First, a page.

• “Though our evacuation plan is situation-dependent, as wildfire is unpredictable, we have a plan!”
  • “We have a truck and horse trailer and know where the evacuation shelters are for large animals.”
  • “I’ve been through too many hurricanes and tropical storms not to have one!”
  • “Yes. Three to five days would usually be the longest evacuation. Floods and tornados are common in our area.”
  • “I have a plan at the farm where I board horse”
  • “I live in Houston, Texas, and we have hurricanes and tropical storms.”
  • “Yes, but depending on the emergency we may shelter in place. Primary concern is wildfires.”
  • “We are surrounded by forest so we worry about wildfire. We also have plan for power loss.”
  • “I live in Southwest Florida. My only plan is to move my horse and Mini to a larger pasture with less trees”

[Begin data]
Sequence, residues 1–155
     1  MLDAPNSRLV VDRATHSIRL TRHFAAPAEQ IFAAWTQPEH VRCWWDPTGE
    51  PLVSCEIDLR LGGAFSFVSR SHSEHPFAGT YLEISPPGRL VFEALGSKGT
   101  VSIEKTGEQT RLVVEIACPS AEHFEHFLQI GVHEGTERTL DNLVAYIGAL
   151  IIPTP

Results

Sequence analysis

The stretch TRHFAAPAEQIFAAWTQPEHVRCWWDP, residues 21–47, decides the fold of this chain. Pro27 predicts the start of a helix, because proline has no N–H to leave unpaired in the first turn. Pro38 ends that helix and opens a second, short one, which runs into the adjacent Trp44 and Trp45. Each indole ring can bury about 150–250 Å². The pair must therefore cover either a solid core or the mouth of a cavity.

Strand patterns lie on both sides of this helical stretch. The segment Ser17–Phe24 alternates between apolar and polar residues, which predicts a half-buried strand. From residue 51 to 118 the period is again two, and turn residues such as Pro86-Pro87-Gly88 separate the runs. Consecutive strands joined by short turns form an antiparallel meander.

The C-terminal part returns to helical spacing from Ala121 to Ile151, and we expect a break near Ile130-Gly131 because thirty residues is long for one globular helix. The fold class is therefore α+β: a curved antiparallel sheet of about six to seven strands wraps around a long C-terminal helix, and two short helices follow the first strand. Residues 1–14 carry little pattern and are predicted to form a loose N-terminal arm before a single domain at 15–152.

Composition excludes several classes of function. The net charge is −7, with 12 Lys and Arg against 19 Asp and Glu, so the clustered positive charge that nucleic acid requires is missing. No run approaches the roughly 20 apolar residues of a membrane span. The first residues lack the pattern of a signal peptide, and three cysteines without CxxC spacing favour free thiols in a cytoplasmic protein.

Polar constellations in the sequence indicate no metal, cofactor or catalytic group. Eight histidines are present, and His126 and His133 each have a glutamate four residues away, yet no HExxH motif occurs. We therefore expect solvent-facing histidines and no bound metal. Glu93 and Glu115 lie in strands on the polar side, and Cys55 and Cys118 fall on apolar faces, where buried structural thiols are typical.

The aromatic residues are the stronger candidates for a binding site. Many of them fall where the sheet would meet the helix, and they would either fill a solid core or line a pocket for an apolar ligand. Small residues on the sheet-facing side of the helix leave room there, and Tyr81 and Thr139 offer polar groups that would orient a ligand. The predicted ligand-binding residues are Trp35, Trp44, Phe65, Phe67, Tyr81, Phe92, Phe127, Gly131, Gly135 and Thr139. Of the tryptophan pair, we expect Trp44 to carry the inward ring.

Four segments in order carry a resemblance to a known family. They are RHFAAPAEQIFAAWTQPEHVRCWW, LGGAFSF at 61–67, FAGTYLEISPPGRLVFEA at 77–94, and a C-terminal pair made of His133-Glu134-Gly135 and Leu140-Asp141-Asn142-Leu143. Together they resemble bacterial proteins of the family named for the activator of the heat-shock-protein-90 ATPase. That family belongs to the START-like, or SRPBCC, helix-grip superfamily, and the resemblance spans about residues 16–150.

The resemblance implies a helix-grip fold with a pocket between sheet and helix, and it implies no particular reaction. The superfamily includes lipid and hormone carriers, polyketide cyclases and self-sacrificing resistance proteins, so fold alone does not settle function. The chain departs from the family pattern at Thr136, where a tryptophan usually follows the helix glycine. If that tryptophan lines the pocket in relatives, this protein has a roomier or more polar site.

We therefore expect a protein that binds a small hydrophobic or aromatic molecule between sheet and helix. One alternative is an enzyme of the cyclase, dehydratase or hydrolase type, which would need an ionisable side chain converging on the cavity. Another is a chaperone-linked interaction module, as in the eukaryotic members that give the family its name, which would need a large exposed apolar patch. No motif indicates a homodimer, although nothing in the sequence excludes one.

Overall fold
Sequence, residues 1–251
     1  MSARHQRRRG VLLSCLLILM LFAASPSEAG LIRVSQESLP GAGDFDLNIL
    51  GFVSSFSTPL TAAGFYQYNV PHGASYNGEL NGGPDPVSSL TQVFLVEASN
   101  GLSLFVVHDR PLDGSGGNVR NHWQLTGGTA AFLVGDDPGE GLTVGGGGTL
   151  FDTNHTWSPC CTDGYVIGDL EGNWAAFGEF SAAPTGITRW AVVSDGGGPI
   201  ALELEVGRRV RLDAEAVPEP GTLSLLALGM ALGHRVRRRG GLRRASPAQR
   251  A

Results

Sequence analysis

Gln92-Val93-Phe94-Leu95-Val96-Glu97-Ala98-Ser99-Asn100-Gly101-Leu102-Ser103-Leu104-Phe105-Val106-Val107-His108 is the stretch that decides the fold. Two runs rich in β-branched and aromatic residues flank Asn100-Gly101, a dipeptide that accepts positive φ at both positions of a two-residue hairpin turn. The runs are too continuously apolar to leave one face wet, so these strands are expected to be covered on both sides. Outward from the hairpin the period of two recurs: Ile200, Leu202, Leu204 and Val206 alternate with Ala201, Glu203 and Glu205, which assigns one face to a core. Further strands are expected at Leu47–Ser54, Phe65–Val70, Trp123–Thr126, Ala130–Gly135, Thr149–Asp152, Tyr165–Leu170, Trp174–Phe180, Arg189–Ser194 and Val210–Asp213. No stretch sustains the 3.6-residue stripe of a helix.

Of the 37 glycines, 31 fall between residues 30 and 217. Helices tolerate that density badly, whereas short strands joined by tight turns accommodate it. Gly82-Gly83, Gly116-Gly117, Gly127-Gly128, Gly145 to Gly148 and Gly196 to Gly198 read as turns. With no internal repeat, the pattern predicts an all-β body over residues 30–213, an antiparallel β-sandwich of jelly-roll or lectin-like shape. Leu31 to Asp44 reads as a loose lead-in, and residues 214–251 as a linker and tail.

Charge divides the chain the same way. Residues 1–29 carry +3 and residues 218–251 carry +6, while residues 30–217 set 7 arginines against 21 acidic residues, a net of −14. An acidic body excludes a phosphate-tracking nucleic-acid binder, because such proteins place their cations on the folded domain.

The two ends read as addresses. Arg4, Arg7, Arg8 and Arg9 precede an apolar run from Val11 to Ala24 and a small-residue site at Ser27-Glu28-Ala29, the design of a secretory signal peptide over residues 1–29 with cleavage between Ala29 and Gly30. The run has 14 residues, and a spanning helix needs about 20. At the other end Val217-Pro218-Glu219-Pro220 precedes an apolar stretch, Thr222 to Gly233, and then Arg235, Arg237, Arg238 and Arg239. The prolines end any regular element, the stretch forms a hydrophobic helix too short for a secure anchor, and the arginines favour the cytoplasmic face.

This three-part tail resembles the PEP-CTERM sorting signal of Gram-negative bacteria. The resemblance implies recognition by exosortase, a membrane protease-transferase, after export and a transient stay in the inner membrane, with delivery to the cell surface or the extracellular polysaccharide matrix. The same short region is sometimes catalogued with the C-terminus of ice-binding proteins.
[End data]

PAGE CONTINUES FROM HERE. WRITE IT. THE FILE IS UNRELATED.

• “Hurricanes! I had to leave last year. This year we will be prepared.”
  • “We live in a flood are and are prone to floods. We have an area where our horses can be taken.”

Others commented that they do not have an evacuation plan in place for their horses:

  • “No. All I worry about is wildfires (not common here) but I have no trailer to transport them.”
  • “The natural disaster my area is most prone to is tornado. Don’t get enough warning to evacuate.”
  • “No floods, tornados, hurricanes, etc., in the desert. Just heat!”
  • “We’re highest point for miles and the horses all over 25 years old.”
  • “I live in farm country, higher elevation upstate New York. There’s not much threat of natural disaster.”
  • “Not sure! We bought a trailer for fire evacuations but really don’t have a set plan.”